Hot zinc spray is an excellent way of protecting steel. When HZS is applied by a skilled operator it will galvanise your item and form a protective layer against corrosion. However, some unscrupulous coaters can lead you to believe you are getting HZS, when in fact you are getting zinc powder primer or a wet zinc primer/wash.
This is why it is important to know when hot zinc spray is hot zinc spray. If you coat your metals in a ‘zinc primer’, then you can end up paying over the odds for something which isn’t going to protect in the way you hoped. Thankfully, we have produced this article to arm you with all the information you need to find a zinc substance which saves your metal products from damage caused by rust and corrosion.
Different Types of Zinc Coatings
There are many ways that zinc can be used to protect steel and iron. One of the most common and well-known methods is Hot Dip Galvanising. This is where a metal product is dipped into molten zinc. The zinc then hardens to give the metal product a protective coating.
Zinc can also be applied to steel or iron as hot zinc spray (HZS). Like hot dip galvanising, the result of HZS is that a metal product receives a coating of molten zinc from an arc gun which cools to form a protective layer.
A third option is zinc powder primer or wet zinc primer. The zinc powder is a cheaper and quicker application of zinc and is only intended as a mid-term protection and should not be used as an alternative to HZS or Galvanise protective layer. This is often what is used when coaters are trying to cut corners or hit an unrealistic budget with a quick turnaround.
Zinc powder primer does need to go through the oven to be cured before the topcoat can be applied.
Fourth option is Zinc phosphate Pre-treatment this is a multi-immersion system where the surface is chemically altered through a 6 stage process. This is not recommended for architectural steel products as it will not be robust enough for heavier balustrades or similar items.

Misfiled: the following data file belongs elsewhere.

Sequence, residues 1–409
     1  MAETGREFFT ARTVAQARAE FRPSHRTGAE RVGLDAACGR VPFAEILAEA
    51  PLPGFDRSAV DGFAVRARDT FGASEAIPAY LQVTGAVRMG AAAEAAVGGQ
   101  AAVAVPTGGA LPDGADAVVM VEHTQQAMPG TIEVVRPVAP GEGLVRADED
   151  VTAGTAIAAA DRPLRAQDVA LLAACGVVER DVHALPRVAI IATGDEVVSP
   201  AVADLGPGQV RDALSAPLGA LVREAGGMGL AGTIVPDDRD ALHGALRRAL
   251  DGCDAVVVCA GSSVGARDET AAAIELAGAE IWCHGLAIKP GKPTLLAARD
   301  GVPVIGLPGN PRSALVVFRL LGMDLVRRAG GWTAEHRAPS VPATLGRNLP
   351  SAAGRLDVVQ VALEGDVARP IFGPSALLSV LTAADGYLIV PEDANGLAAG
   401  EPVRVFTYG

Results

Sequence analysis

Are you getting HZS?
Unless you’re an expert, it’s hard to tell. Unfortunately, there are a few unscrupulous people that know this, and they try and pass off zinc primer or zinc phosphate as HZS. Although it does give some level of protection, it is a very thin layer and if exposed to the elements will not stand up to the corrosion protection of HZS or HDG.
So, how can you tell? The easiest way is to look at the price. Hot zinc spray is typically more expensive than other processes, but that’s because it does a better job. If you’re being quoted for hot zinc spray and it is much lower than you’d expect to be charged, then take this as a red flag.
On average HZS can be £10-£20 per square meter more expensive than zinc primer, so please ask your supplier to state on the quote what process they will be doing. Also, check reviews on the company’s website and ask for testimonials from previous clients and get more than one quote, this will allow you to compare prices.
Don’t be afraid to shop around before you decide who to proceed with. The different price points will give you an idea of what to expect, and it’ll show you how to identify a company whose prices seem too low. Don’t be afraid to ask hard questions either. A good thing to look for in your estimate is the items being shot blasted to SA2 or SA3 standards, SA3 should be done for all HZS items. Also look for the application of an epoxy resin on top of the HZS before the topcoat is applied, this prevents degassing issues and allows for a better finish. Anyone familiar with the hot zinc spray process should be more than happy to answer any queries you have.
One Way to Know You’re getting HZS
One way to know that you’re definitely getting hot zinc spray is by using us. We provide exactly what we promise as we have since we started back in 2000, which is a professional hot zinc spray process which will improve the lifespan of your metal products. If you have any questions about hot zinc spraying, or how to tell if you’re really getting HZS, then contact the team today by clicking here.